Coprophagia: Is Your Dog Eating Poop?

September 29, 2010 by · 1 Comment 

One question I often get especially with new dog owners is “How do I get my dog to stop eating poop”? Eating poop, also known as coprophagia, can be caused from an underlying health problem and in some cases can also be the cause of health problems. However there are other reasons for your beloved family member eating poop.

Many people think that dogs eating poop means they are missing something in their diet. This is not exactly true, instead it may be what is in the dogs diet causing the issue. Many of the commercial diets are high in carbohydrates and some dogs have problems completing digesting carbs. Many dogs are “deficient” in pancreatic enzymes capable of digesting the higher carb diets. Its not that they are deficient but rather they are not suppose to be eating that many carbs. The thought is that the dog is trying to rebuild its enzymes by eating poop and/or eating already digest food. I am not sure the true reasoning, but many times changing a dogs diet to a higher protein less carb, like a grain free or a Raw diet can stop the poop eating. (There are not many scientific studies on copraphagia, so many of these suggestions are based on experience)

Chronic Pancreatitis and diseases like Exocrine Pancreatic Insufficiency (EPI) cause a true deficiency in pancreatic enzymes and not surprisingly these dogs can develop coprophagia.The pancreas produces the enzymes to help digest food especially plant material and carbs. Adding enzymes to these dogs diets will help in digestion of the food and help recurrences of pancreatitis, thus stopping the poop eating.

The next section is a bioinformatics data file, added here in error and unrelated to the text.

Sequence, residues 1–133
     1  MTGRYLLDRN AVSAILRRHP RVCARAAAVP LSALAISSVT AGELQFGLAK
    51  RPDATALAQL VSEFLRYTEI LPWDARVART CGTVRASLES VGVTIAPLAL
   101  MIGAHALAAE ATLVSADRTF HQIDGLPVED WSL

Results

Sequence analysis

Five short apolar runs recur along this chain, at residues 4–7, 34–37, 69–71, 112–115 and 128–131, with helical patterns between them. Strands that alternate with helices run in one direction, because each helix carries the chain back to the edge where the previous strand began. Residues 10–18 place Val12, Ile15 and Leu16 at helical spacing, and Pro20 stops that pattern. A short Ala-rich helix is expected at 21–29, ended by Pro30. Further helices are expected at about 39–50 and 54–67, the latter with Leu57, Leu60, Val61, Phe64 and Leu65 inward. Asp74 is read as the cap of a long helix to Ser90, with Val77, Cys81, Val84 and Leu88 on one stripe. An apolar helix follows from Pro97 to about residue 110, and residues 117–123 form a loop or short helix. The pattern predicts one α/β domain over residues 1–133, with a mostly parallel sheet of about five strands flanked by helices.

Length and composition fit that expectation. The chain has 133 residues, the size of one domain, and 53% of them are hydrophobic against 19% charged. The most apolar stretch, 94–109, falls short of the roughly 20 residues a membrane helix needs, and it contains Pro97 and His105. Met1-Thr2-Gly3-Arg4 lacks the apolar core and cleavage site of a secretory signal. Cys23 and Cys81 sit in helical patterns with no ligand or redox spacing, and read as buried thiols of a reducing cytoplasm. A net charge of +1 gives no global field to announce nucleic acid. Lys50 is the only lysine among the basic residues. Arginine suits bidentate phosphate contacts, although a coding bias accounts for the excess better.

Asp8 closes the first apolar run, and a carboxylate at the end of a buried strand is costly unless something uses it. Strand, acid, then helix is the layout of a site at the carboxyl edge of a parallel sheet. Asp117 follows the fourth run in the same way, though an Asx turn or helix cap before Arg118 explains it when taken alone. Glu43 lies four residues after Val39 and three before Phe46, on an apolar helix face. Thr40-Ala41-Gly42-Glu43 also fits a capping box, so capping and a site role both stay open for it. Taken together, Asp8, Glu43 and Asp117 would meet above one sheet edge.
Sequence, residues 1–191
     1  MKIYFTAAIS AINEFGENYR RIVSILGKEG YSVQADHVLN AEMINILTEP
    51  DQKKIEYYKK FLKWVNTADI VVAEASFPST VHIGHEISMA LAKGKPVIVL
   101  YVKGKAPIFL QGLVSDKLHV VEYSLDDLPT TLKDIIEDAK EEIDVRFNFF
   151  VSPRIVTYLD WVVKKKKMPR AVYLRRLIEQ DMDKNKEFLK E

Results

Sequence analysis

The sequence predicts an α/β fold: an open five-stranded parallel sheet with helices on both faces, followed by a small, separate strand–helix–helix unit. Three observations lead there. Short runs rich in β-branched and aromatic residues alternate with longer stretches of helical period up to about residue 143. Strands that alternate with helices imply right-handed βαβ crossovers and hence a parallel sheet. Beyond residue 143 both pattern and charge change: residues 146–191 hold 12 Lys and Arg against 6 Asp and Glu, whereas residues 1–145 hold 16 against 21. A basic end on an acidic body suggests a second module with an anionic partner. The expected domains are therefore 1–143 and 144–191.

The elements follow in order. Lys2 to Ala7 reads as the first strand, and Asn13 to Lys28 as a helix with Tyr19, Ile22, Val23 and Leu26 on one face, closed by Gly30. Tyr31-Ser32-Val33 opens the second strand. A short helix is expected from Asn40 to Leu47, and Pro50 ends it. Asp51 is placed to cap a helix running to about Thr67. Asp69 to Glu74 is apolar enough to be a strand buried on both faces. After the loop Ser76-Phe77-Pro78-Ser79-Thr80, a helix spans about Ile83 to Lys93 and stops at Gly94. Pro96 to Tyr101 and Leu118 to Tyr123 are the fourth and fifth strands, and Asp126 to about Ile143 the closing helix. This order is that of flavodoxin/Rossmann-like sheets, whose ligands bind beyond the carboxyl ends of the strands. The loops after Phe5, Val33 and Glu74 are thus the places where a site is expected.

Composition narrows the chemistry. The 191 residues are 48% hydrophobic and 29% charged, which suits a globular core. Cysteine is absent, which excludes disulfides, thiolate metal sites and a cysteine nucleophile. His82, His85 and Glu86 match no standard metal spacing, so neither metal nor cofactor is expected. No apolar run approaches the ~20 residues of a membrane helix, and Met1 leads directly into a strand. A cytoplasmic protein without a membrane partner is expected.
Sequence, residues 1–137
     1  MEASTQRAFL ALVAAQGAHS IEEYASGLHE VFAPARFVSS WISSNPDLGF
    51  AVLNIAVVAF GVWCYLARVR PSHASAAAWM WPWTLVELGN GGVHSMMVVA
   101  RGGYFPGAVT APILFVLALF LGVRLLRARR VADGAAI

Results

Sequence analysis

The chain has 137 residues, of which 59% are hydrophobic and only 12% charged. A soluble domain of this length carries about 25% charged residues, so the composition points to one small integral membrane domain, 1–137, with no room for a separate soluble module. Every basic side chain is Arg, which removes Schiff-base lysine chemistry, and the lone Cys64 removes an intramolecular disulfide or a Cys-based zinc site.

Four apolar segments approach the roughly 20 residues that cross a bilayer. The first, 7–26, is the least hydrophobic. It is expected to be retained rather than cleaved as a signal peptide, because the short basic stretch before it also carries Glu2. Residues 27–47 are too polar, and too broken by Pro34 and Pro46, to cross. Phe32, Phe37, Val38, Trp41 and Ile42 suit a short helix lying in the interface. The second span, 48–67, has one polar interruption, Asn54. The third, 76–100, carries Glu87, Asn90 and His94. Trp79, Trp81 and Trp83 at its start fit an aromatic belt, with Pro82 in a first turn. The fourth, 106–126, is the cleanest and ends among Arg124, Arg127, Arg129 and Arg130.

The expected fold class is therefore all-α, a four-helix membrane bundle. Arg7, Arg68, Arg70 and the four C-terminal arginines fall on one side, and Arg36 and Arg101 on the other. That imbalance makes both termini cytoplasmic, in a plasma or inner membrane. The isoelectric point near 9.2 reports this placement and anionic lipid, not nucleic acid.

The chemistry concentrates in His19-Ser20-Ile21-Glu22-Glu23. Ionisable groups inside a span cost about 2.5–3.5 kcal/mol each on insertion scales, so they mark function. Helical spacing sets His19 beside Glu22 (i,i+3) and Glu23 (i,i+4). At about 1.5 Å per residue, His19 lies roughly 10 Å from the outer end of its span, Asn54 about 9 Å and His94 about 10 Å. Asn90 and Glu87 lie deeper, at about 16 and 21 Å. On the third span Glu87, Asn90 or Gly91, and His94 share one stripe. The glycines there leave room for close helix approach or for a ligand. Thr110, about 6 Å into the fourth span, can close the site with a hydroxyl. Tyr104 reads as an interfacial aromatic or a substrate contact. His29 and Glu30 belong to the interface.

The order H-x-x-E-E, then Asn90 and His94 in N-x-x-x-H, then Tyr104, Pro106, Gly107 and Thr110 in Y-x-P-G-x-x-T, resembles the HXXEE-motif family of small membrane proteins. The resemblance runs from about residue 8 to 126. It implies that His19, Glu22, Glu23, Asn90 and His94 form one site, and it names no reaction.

Dogs suffering from malabsorption from digestive disorders such as allergies, intestinal infections, inflammatory bowel disease, or even true malabsorption disease have a tendency for coprophagia. Any dog that is eating poop on a regular basis needs to visit a vet in order to determine if one of these diseases is a possibility.

There was a study done by a large dog food manufacturer some years ago into the favorite flavors of dogs. The results were rather disgusting and amusing. One of the top flavors of dogs, one that they would eat very regularly is not beef but rather fecal material i.e. poop! So in some cases your dog just likes the flavor!